I am working on several projects right now. I have been asked to make 40 very special and "creative" name tags for an event. They won't take long because there are only 40 of them. I can probably finish them in an afternoon, but the planning stage always takes a week. I have at least a dozen different ideas for them and have played with these ideas, rejecting some and setting aside others for further consideration. I just have to decide on one and get going. John is antsy for me to make a decision because he has offered to do the cutting and part of the assembly. I think he likes to do repetitive work. Doing this kind of work is so far into his comfort zone which harkens back to him kitting up for 160 or more high school art students every day. I think he misses it even though he adamantly denies this.
When I was growing up, we always had to go around the Thanksgiving table telling everyone what we were grateful for. I could always tell by my mother's face whether I had passed the test of being grateful enough. As my own kids got older, the ritual brought groans and jokes, mostly at my expense, but they always indulged me.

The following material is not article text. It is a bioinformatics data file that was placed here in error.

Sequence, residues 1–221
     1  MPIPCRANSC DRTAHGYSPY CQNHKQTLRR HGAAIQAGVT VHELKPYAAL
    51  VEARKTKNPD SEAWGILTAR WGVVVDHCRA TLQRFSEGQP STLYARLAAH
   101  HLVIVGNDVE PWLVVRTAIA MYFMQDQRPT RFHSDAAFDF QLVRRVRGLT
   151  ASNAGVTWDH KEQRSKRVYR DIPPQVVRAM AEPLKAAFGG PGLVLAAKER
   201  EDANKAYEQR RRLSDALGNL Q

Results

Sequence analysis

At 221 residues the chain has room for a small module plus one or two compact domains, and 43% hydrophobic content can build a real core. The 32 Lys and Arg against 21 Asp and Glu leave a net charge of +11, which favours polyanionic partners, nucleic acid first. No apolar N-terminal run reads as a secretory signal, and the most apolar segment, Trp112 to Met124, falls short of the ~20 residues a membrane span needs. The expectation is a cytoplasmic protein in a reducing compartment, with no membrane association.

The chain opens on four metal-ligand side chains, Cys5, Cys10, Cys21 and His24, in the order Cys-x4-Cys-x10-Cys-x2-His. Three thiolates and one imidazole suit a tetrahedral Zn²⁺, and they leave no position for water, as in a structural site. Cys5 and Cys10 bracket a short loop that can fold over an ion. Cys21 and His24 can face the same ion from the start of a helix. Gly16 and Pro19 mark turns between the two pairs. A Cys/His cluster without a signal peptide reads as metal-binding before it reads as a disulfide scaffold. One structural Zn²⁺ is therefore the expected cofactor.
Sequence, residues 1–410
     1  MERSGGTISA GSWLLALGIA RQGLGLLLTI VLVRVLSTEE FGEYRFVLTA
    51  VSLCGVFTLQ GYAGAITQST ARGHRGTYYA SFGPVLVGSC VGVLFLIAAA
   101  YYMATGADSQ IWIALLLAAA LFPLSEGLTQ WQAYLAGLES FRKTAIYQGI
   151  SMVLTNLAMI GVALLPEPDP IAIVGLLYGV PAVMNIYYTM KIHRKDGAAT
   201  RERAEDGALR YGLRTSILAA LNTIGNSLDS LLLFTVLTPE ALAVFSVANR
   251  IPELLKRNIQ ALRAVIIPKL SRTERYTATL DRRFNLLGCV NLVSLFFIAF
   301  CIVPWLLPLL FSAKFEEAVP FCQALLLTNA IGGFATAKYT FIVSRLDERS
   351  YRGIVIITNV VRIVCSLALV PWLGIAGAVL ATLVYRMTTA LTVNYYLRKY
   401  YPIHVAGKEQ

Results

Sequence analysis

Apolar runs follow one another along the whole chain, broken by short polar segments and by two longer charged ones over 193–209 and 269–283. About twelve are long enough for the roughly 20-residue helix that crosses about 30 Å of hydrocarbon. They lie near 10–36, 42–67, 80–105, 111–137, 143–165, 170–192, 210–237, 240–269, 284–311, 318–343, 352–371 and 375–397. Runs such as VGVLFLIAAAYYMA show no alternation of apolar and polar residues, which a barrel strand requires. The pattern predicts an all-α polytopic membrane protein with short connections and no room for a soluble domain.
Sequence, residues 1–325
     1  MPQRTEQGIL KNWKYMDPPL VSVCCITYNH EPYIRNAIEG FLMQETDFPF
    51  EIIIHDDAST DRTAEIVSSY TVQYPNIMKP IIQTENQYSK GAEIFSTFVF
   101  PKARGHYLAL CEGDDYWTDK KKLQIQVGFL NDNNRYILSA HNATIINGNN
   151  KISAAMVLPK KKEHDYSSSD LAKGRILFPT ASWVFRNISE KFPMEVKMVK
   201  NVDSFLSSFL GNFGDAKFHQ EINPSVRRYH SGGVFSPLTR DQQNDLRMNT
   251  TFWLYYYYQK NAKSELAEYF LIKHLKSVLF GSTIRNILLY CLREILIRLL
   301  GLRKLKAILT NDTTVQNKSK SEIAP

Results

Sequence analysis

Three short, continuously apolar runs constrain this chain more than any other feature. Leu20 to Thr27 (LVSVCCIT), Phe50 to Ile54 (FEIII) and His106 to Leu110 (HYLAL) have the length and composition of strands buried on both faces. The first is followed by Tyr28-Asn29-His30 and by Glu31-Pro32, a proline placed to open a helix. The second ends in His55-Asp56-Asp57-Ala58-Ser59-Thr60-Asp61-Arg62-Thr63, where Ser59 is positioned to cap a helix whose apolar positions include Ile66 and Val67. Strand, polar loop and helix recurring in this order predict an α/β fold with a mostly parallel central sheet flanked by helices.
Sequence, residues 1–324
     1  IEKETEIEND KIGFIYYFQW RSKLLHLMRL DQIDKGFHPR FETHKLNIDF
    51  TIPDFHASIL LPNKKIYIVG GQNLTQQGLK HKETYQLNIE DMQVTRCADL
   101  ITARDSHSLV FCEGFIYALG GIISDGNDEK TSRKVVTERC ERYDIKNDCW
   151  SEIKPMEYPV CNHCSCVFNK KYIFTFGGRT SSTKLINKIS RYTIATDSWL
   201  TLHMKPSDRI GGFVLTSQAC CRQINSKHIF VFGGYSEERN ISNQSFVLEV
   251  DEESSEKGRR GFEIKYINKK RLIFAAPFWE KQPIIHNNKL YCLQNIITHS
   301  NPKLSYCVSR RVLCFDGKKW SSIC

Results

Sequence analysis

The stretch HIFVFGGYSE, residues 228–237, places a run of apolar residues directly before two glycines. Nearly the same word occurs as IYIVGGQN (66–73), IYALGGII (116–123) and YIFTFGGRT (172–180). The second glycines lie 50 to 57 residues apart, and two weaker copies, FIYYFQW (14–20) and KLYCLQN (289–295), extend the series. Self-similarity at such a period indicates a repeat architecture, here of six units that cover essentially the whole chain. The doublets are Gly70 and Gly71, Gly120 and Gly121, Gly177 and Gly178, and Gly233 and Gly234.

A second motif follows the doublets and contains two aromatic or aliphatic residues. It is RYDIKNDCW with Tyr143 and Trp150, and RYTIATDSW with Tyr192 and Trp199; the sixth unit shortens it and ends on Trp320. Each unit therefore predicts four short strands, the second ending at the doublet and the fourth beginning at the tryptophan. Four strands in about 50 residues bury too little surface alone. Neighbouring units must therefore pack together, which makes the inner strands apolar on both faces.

About a dozen years ago, I found myself in a very sad situation. My three kids had married and moved far away. I was newly divorced and had just sold my business. I hadn't decided what to do with myself or how to reinvent my life. A young family moved in across the street. I ignored them and wallowed in my self-pity. One Saturday morning, the dad and his 5 year old son showed up at my door. They were wearing matching tool belts. The dad asked if there were any little jobs they could do to teach his son to help his neighbors. It became a regular Saturday event. I noticed that they did not go to any of the other homes on our street. They were both good company and soon the mom came with them just to visit. We became very good friends. On Tuesday nights, the dad worked late and the mom, the little boy Will and I would go out to dinner. As we got into the car, Will would always ask me to tell him three things that made me happy that day. I realized that they were number one on the list. They turned me around with their kindnesses to me. I realized that I was actually pretty happy and ready to move on. The "name three things" ritual has stayed with me. I never go to bed without making my list of three. Now John has joined me in this evening gratitude. It is such a good, positive way to end the day.
Speaking of gratitude, Keith Lo Bue, who lives in Australia, told me that he was invited to a real American Thanksgiving dinner with other Americans. He said that he almost passed out with homesickness at the sight of pumpkin pie. It is definitely the small things that make one happiest.
I loved reading all your comments on holiday cards.
Today's question: What is your favorite part of Christmas?